Review: Payback: Straight Up (Brian Helgeland, 2006)

by Matt Strackbein

Sometimes I wake up in the middle of the night panicked that people might not realize this movie has a director’s cut, which happens to be way better than the original. I’ll put it this way, when I first saw the movie Payback (1999) I hated it, but years later, when I saw the director’s cut, it became one of my favorite movies. I’m not kidding when I say the 2006 version is a 100% completely different movie as far as taste is concerned. What began as an adaptation of Richard Stark’s first Parker novel, The Hunter (1962), became a stylized, viewer-friendly, bubblegum-flavored waste of film. I love the Parker book series, and I even kinda dug the first movie adaptation of The Hunter, called Point Blank (1967) starring Lee Marvin, but I hadn’t absorbed any of the source material when I sat in the theater spitting at the screen in ’99. I was a bit more than surprised at Mel Gibson’s version of Parker, (switched to Porter in the movie) when I realized who, and what, he was supposed to be depicting. I mean you could tell he was doing his job well enough as an actor, but the rest of it was a complete fraud as adaptations go, and just a dumb movie all together.

Basically, this was one of those classic examples of a studio making so many changes that the director, Brian Helgeland, bailed on the project before it was released. A new third Act was added with a new character, scenes were taken out or reworked, a blue color-filter was added, campy voiceover narration was included and, in the end, the movie was so harmless it felt more like Lethal Weapon 5 than a new, edgier direction for Mel Gibson. All of the ugly details are documented in the DVD’s Special Features, and, frankly, that’s as much as I want to say about the whole thing, except to note that Gibson is happy with both versions, apparently. I think that’s relevant because he wasn’t just the lead actor. Gibson’s own production company, Icon Productions, was one of the studios behind the movie. But, look, the point of this review is to let people know that there is a very well crafted piece of cinema available that folks may not be aware of. There’s all new scoring, no color filter, original scenes were added back in, new scenes were taken out, and the completely unnecessary voiceover was removed. The “straight up” version is the movie that audiences deserved whether it’s what they wanted at the time or not, and as I said, it has since become one of my favorites. I can watch it over and over.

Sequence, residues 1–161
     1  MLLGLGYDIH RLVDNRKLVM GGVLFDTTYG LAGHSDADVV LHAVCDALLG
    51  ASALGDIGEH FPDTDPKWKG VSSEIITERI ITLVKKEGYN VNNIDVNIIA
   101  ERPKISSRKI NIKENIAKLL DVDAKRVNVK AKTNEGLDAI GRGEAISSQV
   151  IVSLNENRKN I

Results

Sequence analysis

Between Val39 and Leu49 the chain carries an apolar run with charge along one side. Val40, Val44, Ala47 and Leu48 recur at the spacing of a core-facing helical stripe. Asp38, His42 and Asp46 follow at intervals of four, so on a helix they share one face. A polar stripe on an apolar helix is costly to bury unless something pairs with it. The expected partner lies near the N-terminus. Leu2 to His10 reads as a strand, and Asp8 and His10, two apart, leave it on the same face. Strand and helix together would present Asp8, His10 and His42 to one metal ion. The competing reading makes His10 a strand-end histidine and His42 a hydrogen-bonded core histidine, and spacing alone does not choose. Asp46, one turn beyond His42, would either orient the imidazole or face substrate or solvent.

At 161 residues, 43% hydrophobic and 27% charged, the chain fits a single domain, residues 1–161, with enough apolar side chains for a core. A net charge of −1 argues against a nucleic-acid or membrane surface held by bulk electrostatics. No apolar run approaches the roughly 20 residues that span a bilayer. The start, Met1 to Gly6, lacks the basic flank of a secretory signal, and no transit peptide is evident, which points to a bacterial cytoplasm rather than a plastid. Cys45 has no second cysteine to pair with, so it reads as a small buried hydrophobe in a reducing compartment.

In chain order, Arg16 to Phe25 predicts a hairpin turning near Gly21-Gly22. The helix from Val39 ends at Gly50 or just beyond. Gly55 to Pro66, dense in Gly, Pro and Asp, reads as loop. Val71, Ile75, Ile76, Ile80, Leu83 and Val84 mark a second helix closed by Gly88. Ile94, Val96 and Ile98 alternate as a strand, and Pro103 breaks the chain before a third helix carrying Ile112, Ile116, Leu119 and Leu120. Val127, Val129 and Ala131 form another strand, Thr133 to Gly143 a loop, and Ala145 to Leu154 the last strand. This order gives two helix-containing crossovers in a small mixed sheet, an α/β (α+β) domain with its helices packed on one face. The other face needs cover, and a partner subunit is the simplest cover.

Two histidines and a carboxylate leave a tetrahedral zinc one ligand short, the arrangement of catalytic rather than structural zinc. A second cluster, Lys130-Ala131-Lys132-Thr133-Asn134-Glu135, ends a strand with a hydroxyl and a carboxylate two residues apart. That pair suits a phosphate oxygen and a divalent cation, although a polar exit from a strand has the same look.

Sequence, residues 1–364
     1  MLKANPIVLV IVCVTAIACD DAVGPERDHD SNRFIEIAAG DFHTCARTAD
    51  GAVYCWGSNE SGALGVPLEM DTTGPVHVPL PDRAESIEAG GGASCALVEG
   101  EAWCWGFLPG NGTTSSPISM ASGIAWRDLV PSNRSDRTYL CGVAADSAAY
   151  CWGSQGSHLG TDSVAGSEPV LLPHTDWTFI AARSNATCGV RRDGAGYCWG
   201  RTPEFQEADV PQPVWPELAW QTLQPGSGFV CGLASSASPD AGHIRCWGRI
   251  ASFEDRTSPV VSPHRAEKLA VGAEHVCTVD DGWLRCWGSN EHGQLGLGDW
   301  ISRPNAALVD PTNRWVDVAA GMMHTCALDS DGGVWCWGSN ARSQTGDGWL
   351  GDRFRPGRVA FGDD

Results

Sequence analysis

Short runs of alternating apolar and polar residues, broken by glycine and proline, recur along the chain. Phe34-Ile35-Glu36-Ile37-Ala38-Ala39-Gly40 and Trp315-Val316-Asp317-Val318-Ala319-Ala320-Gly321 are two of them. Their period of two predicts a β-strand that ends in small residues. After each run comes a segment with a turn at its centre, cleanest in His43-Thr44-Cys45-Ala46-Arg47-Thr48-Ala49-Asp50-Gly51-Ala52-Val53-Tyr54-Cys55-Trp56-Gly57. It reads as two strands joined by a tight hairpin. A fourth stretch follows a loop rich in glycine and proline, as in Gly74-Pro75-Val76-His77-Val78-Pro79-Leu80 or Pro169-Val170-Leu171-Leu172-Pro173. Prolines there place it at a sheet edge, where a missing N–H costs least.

One more thing I like to mention when talking about this movie…I put it in a category I made up called Grey Suit Films. I’ve watched a lot of tough guy movies, and I’ve noticed many of them wear essentially the same light grey suits, what’s commonly known as a Glen Plaid, short for Glenurguhart –  a place in Scotland where the fabric comes from. Anyway, it seems to be a rite of passage for an actor playing a tough guy, albeit to different degrees, or so I’ve noticed. In Payback, when we first see Porter, there’s no telling where he’s coming from or what he’s been up to. Everyone in the movie thought he was dead, so when he shows up, walking into town in a disheveled light grey suit, you don’t know anything about him. But, if you’ve recognized the telltale sign, the Glen Plaid – just like Robert DeNiro in Heat (1995), Sean Connery and Roger Moore as James Bond, Pacino in The Godfather II (1974), and even Lee Marvin in the aforementioned Point Blank to name a few – then you would know the only thing you need to know about the guy…he’s tough, and probably shouldn’t be messed with. Maybe the best thing about this director’s version is how that same attitude holds true all the way through to the end credits. Porter is a bad guy, a career criminal. He lives by a particular code, but he’s still a sociopath. I don’t like him because he’s a cool bad guy, or because he seems like a nice guy in bad guy clothing. I don’t like him because I like the actor playing him either. No, I like him because he makes no apology for what he is. That’s how movies, (and art in general), should be created in my opinion – without compromise. That’s why I want people to know about this version. If you decide to watch it, just make sure it’s the 2006 edition, that’s the good one.

Matt Strackbein is an Apparel-Designer working in the Outdoor and Ski industry. He is also a self-published comic book creator, as well as an accomplished Letterhack with over 200 hundred printed letters in comic book letter columns.